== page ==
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OK, Computer: The tech transforming the guest experience

Hotels are employing emerging digital tools to engage with their customers on new levels.

OK, Computer: The tech transforming the guest experience

As the travel industry focuses further attention on experiences, recent developments in the field of artificial intelligence and machine learning offer unprecedented opportunities. The benefits are manifold.Outsourcing work previously done by humans can free up staff to deal with more complex tasks, while automation helps streamline operations and enhance customer service.


Integrated tech at the Arrive Palm Springs

Co-conceived by Facebook’s first product manager, Ezra Callahan, the newly opened Arrive Palm Springs was designed with today’s tech-obsessed traveller in mind. As with any self-respecting contemporary boutique hotel, there’s no reception desk; guests instead check in at the bar while sipping on a complimentary cocktail. Despite a mid-century modern design aesthetic, technology is tactfully integrated across the board, with text message being the primary mode of communication between guests and staff. The concept is backed by a singularly Silicon Valley mindset that aims to digitally optimise operations and the guest experience.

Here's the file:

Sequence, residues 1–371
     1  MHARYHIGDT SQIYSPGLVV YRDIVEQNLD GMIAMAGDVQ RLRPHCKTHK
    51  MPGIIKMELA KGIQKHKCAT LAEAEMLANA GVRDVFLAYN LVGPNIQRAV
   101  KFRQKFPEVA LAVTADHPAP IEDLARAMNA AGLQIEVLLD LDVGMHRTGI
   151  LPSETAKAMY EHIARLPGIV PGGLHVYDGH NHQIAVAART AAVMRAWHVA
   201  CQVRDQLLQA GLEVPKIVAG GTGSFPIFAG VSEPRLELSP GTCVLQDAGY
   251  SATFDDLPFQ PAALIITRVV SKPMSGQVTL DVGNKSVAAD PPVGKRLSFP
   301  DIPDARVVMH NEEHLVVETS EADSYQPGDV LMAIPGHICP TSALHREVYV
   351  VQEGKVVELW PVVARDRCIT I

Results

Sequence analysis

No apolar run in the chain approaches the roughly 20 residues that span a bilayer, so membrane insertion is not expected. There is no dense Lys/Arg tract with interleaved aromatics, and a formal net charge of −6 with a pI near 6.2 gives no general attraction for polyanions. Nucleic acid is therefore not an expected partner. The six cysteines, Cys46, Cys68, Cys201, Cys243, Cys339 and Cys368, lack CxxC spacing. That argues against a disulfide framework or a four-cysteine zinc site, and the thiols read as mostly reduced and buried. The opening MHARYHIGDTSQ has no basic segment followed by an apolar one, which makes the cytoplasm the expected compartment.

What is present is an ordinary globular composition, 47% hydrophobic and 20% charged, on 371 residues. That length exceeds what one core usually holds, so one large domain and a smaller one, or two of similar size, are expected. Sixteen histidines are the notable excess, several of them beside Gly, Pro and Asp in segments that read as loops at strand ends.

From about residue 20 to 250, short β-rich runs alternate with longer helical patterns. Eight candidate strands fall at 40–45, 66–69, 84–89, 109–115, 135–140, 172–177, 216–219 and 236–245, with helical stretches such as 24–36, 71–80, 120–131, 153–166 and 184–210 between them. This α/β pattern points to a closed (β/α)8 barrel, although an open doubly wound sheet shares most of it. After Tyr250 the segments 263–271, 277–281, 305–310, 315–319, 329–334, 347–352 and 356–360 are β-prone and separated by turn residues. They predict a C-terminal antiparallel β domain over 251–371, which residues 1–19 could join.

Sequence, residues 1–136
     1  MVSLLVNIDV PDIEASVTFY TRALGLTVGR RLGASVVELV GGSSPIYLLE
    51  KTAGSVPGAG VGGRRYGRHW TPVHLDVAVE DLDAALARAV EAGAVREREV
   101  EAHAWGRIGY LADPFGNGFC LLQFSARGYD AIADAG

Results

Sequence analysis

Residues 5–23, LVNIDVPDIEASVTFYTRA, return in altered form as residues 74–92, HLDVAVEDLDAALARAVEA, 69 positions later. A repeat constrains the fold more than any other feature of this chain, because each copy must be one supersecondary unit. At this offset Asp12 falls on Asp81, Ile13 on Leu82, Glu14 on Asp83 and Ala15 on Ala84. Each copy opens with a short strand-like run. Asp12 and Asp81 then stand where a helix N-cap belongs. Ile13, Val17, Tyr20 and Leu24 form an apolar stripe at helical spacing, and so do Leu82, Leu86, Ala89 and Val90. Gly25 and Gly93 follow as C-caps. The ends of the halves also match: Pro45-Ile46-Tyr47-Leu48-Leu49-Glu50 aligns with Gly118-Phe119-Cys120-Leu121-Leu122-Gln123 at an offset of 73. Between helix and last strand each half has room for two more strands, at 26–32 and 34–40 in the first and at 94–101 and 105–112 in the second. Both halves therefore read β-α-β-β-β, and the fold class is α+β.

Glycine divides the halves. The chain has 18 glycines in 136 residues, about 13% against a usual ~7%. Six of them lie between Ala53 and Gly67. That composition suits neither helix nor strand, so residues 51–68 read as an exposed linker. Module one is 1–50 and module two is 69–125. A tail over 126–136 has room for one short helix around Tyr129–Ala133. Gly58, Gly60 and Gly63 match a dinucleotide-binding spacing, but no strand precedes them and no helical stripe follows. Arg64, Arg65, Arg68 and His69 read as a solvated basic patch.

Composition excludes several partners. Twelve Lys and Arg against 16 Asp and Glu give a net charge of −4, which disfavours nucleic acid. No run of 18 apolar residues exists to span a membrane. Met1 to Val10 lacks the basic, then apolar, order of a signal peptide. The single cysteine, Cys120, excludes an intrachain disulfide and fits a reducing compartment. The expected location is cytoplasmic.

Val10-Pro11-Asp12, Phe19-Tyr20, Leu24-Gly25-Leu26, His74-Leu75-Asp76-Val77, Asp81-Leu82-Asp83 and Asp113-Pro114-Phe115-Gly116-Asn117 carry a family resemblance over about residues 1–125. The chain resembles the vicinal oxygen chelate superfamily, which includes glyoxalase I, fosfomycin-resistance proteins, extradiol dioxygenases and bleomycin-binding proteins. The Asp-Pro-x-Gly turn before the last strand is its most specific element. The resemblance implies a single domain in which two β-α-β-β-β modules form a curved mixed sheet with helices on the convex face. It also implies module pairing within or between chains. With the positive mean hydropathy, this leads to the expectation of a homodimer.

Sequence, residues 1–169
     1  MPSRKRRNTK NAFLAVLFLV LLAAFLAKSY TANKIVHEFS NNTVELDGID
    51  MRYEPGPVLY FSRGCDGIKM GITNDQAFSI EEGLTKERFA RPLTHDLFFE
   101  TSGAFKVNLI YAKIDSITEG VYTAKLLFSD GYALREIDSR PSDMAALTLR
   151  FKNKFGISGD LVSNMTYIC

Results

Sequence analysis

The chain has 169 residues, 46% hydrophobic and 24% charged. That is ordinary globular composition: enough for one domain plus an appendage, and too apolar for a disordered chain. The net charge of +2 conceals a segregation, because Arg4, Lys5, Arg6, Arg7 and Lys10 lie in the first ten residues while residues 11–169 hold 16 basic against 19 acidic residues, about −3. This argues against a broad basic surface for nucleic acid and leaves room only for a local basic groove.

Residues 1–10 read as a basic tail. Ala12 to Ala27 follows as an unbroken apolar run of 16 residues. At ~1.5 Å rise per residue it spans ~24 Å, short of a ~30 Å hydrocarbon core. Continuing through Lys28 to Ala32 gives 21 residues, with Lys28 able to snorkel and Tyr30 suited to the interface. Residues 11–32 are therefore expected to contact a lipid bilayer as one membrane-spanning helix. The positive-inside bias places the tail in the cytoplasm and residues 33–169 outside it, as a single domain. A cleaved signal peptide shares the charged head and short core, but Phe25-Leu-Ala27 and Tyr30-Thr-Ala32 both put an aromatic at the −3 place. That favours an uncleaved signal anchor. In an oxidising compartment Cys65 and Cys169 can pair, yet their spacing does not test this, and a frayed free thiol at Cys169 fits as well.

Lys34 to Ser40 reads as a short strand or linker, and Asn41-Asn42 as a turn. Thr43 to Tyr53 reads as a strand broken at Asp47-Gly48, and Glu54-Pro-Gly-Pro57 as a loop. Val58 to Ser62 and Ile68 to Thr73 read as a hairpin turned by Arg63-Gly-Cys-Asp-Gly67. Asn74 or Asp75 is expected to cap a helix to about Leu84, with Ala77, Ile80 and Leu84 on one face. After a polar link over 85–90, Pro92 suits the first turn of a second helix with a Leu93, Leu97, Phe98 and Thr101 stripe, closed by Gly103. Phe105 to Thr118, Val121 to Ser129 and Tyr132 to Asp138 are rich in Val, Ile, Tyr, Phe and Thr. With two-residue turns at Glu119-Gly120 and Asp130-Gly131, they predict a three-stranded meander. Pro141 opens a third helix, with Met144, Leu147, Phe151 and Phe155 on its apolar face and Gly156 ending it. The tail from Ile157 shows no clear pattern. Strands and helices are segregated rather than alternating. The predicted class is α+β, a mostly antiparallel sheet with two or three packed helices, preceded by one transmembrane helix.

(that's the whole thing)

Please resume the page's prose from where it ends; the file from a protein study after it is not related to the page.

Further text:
Credit: The hotel bar/front desk at Arrive hotel in Palm Springs // Header: Four points concept by Starwoods


Amazon Echo at the Wynn Las Vegas

Amazon’s voice-operated personal assistance, Echo, has been making waves since it first appeared on the scene back in 2014. Since then, the technology has come on leaps and bounds and is today one of the leading AI-powered PA bots on the market - thanks in no small part to Amazon’s market domination and customer service prowess. At the end of 2016, the Wynn Hotel in Las Vegas announced plans to equip all of its 4,748 with the latest iteration of Echo, making it the world’s first resort where guests can verbally control every facet of their room, from lighting and temperature to audio-visual aspects. Due for rollout in summer 2017, the initiative will eventually also include more general personal assistant capabilities.



 Credit: Amazon


Radisson Blu Edwardian’s Virtual Host

The Radisson Blu Edwardian group oversees 12 hotels across London. Nicknamed Edward, its new chatbot, also launched mid-2016, responds to simple guest requests and questions via text message. Integrated with the hotels’ management platform to facilitate seamless responses, Edward can arrange room service, provide about local bars and restaurants and even field complaints. The technology is developed by Aspect and employs natural language understanding (NLU) and represents a radical new direction for the brand in terms of customer engagement.



Credit: Radisson Blu


Hilton’s Robot Concierge

Named after the global hotel chain’s founder Conrad Hilton, Connie is a robotic concierge powered by IBM Watson. Debuting at the Hilton McLean in Virginia in mid-2016, Connie works alongside humans to provide guests with information and assistance and is able to answer questions about the hotel’s amenities, as well as suggest things to do nearby. What’s more, the technology can learn over time, so Connie’s efficiency and accuracy is constantly improving. And unlike a human concierge, the robot’s interactions are stored and can be analysed to further improve the guest experience.



Credit: IBM Watson 

16 / 03 / 2017 // by LigaStudios Team


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